D.C. United's MLS Best XI winger opens up about hard work and moving from the West Coast.
- Juan Agudelo
- Jozy Altidore
- Kyle Beckerman
- Steven Beitashour
- Tony Beltran
- Austin Berry
- Matt Besler
- Nat Borchers
- Terrence Boyd
- Will Bruin
- Edson Buddle
- Teal Bunbury
- Geoff Cameron
- Edgar Castillo
- Ricardo Clark
- Bobby Convey
- Kenny Cooper
- Joe Corona
- Sam Cronin
- Danny Cruz
- Daniel Cuevas
- Brad Davis
- A.J. Delagarza
- Nick DeLeon
- Jay DeMerit
- Maurice Edu
- Michael Farfan
- Andrew Farrell
- Greg Garza
- Eddie Gaven
- Luis Gil
- Alan Gordon
- Andy Gruenebaum
- Bill Hamid
- George John
- Sean Johnson
- Benji Joya
- Dan Kennedy
- Perry Kitchen
- Jeff Larentowicz
- Steven Lenhart
- Chad Marshall
- Jack McBean
- Jack McInerney
- Justin Morrow
- Lee Nguyen
- Conor O'Brien
- Amobi Okugo
- Heath Pearce
- Chris Pontius
- Nick Rimando
- Chris Rolfe
- Kelyn Rowe
- Omar Salgado
- C.J. Sapong
- Brek Shea
- Jose Villarreal
- Andrew Wenger
- Danny Williams
- Sheanon Williams
- Chris Wondolowski
- Graham Zusi
November 28, 2012
WHAT IS YOUR EARLIEST MEMORY OF SOCCER?
My earliest probably was just playing for—you know how you play co-ed when you’re 5 and 6? I was on a team called "The Riptide" and I just remember playing. My dad was one of the coaches.
WHO WAS YOUR SOCCER HERO GROWING UP?
Growing up in L.A., in Southern California, I watched the Galaxy. Cobi Jones, players like that. I remember watching him a lot on TV, so I’d probably say Cobi Jones on the American side of things.
DESCRIBE YOUR FIRST EXPERIENCE SUITING UP FOR THE U.S.
The first [time getting called into camp] was right after my rookie year and I just remember being excited. I was actually with some friends and so they were happy for me. I called my parents and let them know. I think it was a joy, but at the same time, I knew there was still a lot of work to be done and there still is. I'm looking forward to hopefully getting my first cap soon.
WHAT IS THE QUALITY YOU MOST ADMIRE IN A SOCCER PLAYER?
For any athlete, I think it’s the dedication you have to have. We obviously live a different lifestyle than most people, so you have to have dedication on and off the field.
WHAT IS THE QUALITY YOU MOST DISLIKE IN AN OPPONENT?
Some people have egos as athletes.
WHAT IS THE KEY TO YOUR SOCCER SUCCESS?
Everything you do before the game, the preparation before. As fans, you only see what happens on Saturdays or game days, but the preparation before—the video sessions, how you take care of your body.
WHAT IS ONE SOCCER SKILL YOU WANT TO IMPROVE?
Consistency. Game in and game out, I want to be a threat. As the season goes on, sometimes there are games where I don’t have the impact on the game that I should. I want to make sure that I’m a constant threat—a player that defenders don’t want to have to play against.
WHO HAS HAD THE GREATEST INFLUENCE ON YOUR DEVELOPMENT?
The coaches here [at D.C. United]: Bennie [Ben Olsen], Chad [Ashton], Wolffy [Josh Wolff]. It’s a tough change when you come from college here, so it’s a lot of figuring out—especially me moving from the West Coast here—so a lot of people don’t see the issues you deal with off the field. It kept me grounded, kept me working hard, so I think they know the sky is the limit for me. They keep pushing me every day, and I can’t thank them enough for that.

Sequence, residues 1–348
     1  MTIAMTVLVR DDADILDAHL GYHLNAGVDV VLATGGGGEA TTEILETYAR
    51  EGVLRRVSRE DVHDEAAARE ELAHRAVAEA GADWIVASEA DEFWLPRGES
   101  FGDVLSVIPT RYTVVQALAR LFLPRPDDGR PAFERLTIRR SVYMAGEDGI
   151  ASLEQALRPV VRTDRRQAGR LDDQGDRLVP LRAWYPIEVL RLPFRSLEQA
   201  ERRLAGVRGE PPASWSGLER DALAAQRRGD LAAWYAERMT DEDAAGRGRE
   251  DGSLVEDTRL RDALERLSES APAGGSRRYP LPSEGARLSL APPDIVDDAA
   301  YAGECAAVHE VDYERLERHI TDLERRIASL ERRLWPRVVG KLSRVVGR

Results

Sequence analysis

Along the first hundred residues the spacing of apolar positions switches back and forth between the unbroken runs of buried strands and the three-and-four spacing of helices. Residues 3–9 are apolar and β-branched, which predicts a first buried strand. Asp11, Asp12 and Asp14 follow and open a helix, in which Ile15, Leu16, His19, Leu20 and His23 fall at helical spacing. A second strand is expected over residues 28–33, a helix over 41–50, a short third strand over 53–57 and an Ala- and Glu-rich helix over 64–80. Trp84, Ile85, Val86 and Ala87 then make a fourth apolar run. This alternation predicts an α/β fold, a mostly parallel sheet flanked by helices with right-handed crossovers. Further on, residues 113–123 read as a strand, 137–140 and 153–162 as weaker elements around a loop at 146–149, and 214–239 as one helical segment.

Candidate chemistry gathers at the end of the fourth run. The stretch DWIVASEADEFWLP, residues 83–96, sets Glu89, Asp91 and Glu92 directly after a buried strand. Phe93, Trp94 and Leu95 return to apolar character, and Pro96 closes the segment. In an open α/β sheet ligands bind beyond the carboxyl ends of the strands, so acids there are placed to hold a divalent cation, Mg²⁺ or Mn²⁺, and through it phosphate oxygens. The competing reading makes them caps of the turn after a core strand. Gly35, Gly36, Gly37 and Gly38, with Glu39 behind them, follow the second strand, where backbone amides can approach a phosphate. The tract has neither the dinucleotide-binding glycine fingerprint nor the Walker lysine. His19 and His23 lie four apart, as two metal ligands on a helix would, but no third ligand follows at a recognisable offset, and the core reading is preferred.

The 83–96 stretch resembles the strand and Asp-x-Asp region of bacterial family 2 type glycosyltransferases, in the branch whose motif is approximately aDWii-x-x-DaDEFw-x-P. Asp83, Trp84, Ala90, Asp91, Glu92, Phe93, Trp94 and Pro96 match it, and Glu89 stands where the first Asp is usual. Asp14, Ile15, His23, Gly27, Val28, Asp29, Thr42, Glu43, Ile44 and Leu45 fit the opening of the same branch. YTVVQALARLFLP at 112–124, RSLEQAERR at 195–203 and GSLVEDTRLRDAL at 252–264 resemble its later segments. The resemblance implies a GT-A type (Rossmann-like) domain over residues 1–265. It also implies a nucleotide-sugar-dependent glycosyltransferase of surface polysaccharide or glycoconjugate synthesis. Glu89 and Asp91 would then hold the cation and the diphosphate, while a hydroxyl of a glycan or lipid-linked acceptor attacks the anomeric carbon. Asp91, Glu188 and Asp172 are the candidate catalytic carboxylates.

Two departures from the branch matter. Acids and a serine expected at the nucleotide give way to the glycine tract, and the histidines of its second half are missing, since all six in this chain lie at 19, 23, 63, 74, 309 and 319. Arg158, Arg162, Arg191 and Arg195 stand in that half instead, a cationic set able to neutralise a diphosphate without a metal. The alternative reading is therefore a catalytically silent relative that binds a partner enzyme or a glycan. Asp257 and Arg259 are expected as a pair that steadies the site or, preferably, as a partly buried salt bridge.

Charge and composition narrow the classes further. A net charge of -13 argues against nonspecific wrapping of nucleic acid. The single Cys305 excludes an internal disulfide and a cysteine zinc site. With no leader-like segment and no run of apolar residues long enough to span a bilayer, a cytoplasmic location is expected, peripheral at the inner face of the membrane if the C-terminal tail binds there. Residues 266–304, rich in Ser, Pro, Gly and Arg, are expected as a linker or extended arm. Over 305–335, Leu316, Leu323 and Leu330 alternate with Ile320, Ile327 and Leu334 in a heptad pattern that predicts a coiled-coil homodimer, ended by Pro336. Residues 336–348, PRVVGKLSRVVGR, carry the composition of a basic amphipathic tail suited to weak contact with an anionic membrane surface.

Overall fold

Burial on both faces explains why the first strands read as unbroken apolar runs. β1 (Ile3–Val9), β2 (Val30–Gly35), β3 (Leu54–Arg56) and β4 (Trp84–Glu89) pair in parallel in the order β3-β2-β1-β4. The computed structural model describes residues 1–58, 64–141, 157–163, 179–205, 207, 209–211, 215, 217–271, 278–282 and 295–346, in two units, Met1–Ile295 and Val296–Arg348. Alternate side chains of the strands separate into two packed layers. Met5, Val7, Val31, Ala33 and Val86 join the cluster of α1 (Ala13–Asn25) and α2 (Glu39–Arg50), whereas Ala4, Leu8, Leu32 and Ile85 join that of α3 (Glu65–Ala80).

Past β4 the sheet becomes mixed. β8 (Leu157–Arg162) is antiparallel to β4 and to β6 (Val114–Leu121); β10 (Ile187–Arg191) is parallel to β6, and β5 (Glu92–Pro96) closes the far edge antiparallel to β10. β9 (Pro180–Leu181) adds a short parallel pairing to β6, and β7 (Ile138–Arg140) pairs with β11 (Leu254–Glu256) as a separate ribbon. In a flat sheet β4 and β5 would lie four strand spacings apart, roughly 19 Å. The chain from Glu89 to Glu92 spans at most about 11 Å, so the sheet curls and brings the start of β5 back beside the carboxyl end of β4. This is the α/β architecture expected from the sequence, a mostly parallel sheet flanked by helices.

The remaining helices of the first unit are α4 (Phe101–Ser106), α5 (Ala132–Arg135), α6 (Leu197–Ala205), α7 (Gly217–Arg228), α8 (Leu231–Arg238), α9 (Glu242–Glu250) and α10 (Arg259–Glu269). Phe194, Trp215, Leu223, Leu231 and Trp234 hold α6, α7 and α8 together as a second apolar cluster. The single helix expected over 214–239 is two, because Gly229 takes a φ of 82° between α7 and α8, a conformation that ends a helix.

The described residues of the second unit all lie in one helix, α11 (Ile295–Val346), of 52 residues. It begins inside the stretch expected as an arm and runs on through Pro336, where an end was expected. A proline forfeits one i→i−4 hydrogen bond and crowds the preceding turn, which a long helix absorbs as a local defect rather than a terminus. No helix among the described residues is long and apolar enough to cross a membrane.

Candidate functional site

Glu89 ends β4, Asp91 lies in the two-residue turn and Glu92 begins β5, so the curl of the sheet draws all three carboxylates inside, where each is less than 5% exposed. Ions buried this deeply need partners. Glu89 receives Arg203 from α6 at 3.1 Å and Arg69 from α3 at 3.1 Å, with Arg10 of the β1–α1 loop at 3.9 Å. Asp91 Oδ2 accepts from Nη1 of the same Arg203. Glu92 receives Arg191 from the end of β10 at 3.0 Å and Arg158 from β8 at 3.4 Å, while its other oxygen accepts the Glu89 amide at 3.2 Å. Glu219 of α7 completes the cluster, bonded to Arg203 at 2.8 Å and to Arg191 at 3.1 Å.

WHO IS YOUR CLOSEST FRIEND IN THE GAME?
Probably Rodney Wallace. We were roommates here for our first two years and now he’s in Portland. We stay in touch all the time.
WHAT IS YOUR GREATEST SOCCER ACHIEVEMENT?
Getting to the Eastern Conference finals this year.
WHAT IS YOUR GREATEST SOCCER DISAPPOINTMENT?
Injuries as a professional. My hamstring injury, my broken leg—they were tough to overcome, but I’m over them and I think they actually made me stronger as a person. But when you’re out of the game that long, you miss it.
WHAT IS THE MOST IMPORTANT LESSON YOU LEARNED FROM THE GAME?
As an athlete, it’s kind of an emotional ride: from scoring two goals in one game to not having a good game the next one. So, to keep an even keel and to always keep focused on what your goals are. Just don’t let the highs get too high and the lows get too low.
WHO ARE THE MOST TALENTED TEAMMATES YOU HAVE PLAYED ALONGSIDE?
Dwayne [De Rosario], Jaime Moreno. They’re winners. To be honest, I think that’s the greatest quality. You don’t see Dwayne doing stepovers or anything crazy like that, but his will to win is unbelievable and I think that’s what makes him a true competitor and why he’s gotten so far.
WHO ARE THE TOUGHEST OPPONENTS YOU HAVE LINED UP AGAINST?
IF YOU WEREN'T A PROFESSIONAL SOCCER PLAYER, WHAT WOULD YOU DO FOR A LIVING?
I think I would still be involved in soccer somehow. I love the game, I like being around the game, so I would be coaching in some capacity. I don’t have to think about that, hopefully, for another 10 years or so. I’ve thought about it, but I think I want to stick in this sport.
WHAT IS YOUR ULTIMATE DEFINITION OF SUCCESS IN THE GAME?
I think it’s different for every person because different people have different qualities and different abilities and so, I think for an ultimate definition of success, I think it’s how far you can push your body and knowing that you’ve given everything—kind of leaving it all out on the field every game, every practice. And I think that’s how it defines you. Some players are going to score 20 goals one year and some are going to score 10, but as long as the guy who scored 10 gave everything he had, that’s success.